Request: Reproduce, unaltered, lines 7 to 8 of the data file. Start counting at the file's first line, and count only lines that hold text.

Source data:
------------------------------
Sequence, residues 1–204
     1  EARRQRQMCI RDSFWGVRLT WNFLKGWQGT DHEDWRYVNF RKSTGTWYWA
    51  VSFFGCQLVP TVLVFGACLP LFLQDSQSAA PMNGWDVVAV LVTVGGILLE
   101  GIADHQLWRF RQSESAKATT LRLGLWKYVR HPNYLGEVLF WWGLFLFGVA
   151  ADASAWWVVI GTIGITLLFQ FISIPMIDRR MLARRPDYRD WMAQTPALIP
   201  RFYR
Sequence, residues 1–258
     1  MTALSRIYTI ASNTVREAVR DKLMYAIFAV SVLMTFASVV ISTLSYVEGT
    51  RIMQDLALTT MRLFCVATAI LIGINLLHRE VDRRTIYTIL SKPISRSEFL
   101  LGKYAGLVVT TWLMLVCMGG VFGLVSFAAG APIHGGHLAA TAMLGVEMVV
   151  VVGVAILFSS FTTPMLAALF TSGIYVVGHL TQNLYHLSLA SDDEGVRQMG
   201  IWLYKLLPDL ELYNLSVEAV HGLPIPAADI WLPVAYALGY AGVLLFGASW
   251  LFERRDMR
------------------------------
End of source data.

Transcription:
Sequence, residues 1–258
     1  MTALSRIYTI ASNTVREAVR DKLMYAIFAV SVLMTFASVV ISTLSYVEGT